Nephew: Aunty Helen, I bet you don’t know what Alienware is.
Me: It’s custom hardware like desktops and laptops designed for immersive gaming experiences.
Nephew: *Stunned silence*
Nieces:“Wow!” nieces exclaim in unison and look up from their tablets.
Nephew: (Quietly) “Ok so you know”
So there it was folks.
If there was an open badge for Cool Aunt, I would have got that there and then!
During this time, I was also watchingRobert Scoble’s live interviews on Facebook. I thought they were too good not to share with my young nephews and nieces and show them what people were designing and developing around the world. I gathered them around the tablet and told them that it was a live interview with a “real life” developer, David Levitt who was working on a multiplayer virtual reality game by Pantomine Corporation.
“Is this interview happening right now?” my nephew asks.
“Sure is,” I said. “Do you have a question you want to ask him?”
He shook his head but you could see that he was fascinated with what he was seeing – and learning.
I also showed them this video of Future Assembly, (a new tech expo that was on in Melbourne last year), talked about Occulus Rift virtual reality and 3D printing. They lamented they didn’t have a 3D printer at school and then asked if you can print clothes.
My 9 year old niece immediately started rattling ideas of what she wanted to create.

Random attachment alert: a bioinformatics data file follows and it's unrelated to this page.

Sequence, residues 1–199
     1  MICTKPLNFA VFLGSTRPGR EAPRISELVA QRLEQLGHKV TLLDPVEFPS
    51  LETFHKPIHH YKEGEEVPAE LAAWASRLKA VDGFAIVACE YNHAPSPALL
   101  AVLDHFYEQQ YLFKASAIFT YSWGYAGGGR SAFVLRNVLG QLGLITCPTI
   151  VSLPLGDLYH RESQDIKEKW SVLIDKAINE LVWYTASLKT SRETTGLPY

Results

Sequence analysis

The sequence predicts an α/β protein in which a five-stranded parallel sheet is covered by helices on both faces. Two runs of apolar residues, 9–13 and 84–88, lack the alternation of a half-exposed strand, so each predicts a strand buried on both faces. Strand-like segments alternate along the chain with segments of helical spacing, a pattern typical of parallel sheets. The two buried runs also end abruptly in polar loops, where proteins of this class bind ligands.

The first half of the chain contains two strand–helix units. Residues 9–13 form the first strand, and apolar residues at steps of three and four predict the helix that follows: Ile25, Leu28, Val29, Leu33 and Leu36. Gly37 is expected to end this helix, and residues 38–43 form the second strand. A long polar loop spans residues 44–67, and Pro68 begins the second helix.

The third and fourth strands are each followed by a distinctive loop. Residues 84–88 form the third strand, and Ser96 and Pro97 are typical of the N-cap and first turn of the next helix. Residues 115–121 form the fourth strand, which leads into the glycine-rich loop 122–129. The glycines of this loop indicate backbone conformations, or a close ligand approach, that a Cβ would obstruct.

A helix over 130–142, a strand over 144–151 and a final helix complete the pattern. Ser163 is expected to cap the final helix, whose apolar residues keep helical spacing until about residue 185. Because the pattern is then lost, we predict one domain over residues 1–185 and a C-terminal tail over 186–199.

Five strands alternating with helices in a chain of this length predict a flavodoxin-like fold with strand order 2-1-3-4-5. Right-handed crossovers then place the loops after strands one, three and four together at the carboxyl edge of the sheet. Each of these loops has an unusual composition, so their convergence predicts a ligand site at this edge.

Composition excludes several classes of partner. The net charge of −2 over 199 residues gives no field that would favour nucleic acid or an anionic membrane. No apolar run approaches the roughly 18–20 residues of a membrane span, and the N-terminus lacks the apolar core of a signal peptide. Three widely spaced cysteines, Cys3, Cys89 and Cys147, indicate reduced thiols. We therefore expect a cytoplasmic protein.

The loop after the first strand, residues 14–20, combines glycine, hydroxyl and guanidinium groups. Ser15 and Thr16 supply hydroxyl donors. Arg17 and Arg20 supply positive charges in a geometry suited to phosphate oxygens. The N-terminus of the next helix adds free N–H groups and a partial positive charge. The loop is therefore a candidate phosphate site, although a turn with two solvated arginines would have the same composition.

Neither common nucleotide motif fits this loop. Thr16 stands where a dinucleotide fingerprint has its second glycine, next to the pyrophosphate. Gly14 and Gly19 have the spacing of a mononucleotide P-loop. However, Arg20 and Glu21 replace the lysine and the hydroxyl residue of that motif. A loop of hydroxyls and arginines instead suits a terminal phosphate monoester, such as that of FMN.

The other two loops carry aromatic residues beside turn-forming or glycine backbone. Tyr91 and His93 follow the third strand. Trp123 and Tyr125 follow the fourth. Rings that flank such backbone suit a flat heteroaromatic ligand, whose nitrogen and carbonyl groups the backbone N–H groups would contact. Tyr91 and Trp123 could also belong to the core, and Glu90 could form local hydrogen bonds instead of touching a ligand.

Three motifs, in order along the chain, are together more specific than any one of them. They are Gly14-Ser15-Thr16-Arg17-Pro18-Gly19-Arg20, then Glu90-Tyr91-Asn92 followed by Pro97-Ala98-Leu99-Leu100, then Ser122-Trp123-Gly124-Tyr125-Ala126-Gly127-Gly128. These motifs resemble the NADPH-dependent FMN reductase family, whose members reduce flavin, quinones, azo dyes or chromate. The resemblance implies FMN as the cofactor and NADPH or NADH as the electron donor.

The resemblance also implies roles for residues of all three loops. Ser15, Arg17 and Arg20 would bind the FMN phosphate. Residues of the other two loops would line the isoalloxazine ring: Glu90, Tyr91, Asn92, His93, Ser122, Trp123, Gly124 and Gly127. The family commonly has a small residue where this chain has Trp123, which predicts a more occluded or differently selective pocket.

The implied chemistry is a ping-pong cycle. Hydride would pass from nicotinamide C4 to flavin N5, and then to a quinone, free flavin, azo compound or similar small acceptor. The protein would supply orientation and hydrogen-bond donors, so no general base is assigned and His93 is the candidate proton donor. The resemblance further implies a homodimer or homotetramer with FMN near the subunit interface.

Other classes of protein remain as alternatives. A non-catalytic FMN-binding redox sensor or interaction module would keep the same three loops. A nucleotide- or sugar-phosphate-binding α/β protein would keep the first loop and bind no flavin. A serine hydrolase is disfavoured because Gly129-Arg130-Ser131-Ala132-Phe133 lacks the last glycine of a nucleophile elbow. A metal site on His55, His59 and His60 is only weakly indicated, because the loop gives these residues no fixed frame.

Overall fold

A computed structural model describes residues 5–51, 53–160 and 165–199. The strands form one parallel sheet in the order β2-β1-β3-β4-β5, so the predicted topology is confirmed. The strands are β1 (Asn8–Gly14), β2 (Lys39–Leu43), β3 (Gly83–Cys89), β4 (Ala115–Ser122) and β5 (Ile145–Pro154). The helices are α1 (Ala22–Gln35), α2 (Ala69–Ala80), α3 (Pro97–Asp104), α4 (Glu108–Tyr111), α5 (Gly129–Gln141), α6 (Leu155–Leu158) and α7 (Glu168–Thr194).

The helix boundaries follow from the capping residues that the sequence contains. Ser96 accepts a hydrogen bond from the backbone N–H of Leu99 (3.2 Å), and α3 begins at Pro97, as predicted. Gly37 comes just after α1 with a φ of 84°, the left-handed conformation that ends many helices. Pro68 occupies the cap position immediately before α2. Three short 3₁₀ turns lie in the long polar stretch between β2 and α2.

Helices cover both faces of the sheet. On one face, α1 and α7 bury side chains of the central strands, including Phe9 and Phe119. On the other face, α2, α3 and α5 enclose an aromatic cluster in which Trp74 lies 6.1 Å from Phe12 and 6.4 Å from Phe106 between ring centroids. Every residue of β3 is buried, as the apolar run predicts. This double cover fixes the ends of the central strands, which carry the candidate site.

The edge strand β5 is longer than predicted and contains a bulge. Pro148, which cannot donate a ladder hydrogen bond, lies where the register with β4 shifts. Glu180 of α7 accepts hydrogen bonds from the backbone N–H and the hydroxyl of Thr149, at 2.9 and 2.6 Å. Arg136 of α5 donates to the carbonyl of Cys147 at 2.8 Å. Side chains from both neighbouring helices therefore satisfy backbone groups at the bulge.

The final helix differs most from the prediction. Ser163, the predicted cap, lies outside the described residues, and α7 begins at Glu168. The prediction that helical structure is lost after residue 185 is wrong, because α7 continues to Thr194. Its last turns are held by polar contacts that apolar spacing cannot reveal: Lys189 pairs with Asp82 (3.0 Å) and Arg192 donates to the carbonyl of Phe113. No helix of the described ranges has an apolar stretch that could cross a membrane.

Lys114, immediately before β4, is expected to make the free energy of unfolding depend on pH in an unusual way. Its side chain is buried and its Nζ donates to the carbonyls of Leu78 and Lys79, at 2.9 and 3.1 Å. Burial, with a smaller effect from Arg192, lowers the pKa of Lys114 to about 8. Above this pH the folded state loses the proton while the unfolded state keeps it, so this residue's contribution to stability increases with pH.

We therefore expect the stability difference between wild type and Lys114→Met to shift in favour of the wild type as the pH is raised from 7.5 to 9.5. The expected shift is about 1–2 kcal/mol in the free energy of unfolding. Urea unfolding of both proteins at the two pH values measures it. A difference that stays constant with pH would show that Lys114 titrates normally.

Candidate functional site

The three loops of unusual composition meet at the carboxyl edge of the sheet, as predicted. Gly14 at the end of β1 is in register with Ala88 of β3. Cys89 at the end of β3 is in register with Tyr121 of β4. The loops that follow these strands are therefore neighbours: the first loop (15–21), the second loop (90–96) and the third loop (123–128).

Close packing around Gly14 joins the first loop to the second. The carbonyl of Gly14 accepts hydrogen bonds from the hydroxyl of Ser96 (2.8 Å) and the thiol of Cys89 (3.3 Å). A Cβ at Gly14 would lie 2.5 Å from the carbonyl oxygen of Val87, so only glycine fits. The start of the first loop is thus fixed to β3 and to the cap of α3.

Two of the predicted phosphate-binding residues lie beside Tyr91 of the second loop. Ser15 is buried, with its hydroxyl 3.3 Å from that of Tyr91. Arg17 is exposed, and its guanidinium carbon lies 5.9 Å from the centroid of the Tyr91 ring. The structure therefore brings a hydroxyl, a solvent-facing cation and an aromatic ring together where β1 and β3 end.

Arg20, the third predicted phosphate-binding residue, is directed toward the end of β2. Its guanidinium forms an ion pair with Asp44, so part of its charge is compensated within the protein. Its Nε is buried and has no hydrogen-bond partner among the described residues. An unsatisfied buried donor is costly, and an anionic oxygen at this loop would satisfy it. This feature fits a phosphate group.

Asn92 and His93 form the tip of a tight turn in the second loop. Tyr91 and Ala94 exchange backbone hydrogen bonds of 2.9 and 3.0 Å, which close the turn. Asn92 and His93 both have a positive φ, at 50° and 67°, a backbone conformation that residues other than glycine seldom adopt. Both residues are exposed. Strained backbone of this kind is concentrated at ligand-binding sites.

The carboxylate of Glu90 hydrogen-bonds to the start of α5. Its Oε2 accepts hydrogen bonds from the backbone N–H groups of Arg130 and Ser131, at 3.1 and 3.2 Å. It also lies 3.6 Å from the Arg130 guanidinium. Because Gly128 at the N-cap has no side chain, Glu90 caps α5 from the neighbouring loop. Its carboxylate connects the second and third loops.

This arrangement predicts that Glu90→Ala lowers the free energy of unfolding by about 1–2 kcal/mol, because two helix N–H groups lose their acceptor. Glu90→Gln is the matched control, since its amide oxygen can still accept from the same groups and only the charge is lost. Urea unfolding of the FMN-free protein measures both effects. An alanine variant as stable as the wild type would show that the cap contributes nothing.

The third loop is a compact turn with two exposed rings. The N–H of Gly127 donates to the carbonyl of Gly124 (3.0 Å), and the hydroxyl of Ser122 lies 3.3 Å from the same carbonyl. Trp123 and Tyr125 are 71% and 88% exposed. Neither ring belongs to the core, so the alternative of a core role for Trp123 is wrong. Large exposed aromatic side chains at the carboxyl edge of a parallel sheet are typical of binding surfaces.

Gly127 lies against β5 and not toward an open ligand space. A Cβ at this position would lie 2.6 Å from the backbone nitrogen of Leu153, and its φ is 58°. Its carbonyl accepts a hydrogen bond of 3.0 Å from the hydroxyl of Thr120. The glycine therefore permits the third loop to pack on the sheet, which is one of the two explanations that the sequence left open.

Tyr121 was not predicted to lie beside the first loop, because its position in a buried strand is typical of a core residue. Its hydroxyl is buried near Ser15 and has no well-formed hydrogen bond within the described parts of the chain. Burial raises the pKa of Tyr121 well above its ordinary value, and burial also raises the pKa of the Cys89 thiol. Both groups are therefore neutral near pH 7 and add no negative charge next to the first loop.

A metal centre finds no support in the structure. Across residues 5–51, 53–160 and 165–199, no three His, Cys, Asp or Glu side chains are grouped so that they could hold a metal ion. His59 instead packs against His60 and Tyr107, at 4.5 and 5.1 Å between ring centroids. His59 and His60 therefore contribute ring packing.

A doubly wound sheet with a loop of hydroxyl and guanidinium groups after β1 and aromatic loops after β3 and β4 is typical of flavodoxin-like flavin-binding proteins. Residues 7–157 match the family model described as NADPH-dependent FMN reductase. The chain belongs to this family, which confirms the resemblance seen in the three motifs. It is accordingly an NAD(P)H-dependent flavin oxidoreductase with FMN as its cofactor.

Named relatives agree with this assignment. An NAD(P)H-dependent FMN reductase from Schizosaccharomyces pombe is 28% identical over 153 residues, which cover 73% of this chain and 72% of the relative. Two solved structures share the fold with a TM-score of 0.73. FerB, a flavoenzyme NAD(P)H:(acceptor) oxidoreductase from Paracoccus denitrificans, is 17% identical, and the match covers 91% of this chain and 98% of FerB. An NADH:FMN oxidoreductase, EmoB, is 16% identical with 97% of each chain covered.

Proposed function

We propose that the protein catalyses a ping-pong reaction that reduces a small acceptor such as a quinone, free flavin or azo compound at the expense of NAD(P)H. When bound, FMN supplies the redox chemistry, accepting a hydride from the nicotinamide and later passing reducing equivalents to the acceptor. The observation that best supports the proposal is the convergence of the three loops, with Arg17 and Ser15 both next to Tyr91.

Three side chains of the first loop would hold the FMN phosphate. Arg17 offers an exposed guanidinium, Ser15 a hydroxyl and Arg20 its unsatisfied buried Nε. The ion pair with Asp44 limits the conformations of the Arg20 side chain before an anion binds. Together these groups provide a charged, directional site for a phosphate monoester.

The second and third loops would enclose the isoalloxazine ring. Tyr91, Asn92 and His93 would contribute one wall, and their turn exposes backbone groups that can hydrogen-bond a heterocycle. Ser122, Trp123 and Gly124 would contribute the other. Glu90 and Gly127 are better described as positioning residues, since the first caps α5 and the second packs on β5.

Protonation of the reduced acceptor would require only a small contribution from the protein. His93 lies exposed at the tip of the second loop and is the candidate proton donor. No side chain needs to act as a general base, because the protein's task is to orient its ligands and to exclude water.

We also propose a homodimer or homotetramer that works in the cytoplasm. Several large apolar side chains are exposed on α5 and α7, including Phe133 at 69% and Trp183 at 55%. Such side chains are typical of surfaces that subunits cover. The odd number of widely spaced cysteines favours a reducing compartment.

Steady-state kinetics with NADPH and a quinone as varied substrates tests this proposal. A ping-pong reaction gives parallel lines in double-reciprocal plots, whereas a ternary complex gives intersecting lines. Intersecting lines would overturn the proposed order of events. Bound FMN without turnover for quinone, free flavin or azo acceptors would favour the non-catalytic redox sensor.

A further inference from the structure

“I want to make a tee-shirt which you can wear and it tells other people that you’re sad. But I also want it make it so that you can change it so that it makes you happy again!”
Million dollar idea right there. Why didn’t I think of that?
Oh hang on, they’ve already thought of that….(this would have been a tough gig for the model below. She would actually have to THINK and EXPERIENCE different emotions to get that piece of clothing changing colour. Hope she upped her hourly rate for doing the modelling gig – just saying)…
Make 2016 The Year to Be Cool In the Eyes of Kids
So where am I going with this ramble?
Make 2016 the year to be that cool adult in the eyes of the kids.
When they want to show you something or teach you how to do something on your laptop, make time to learn with them. Be curious, ask questions, seek clarity, explore the questions that they can’t answer and find the solution together. Take an active interest in what they’re learning and how they’re learning. Don’t default to the way you used to learn and force traditional methods that are not only foreign to them but disengage them from a potential connection with you. Instead, seek out ways that are not only experiential for them but for you too.
Before you think I may be giving you parenting skills (trust me, I’m the LAST person to give anyone any parenting skills), the reason I’m saying is that children bring out in us the curiosity and wonder to learn again – and be excited about new ideas and possibilities with no restraint, conditions or rules.
In a world that is changing every day, it is this skill that will help us be open to be continually learning.
After all, I’ve lost track at the amount of times I’ve learned something new on YouTube that was created by a 12 year old. Maybe the time has come to set aside some assumptions that when it comes to learning, adults know best.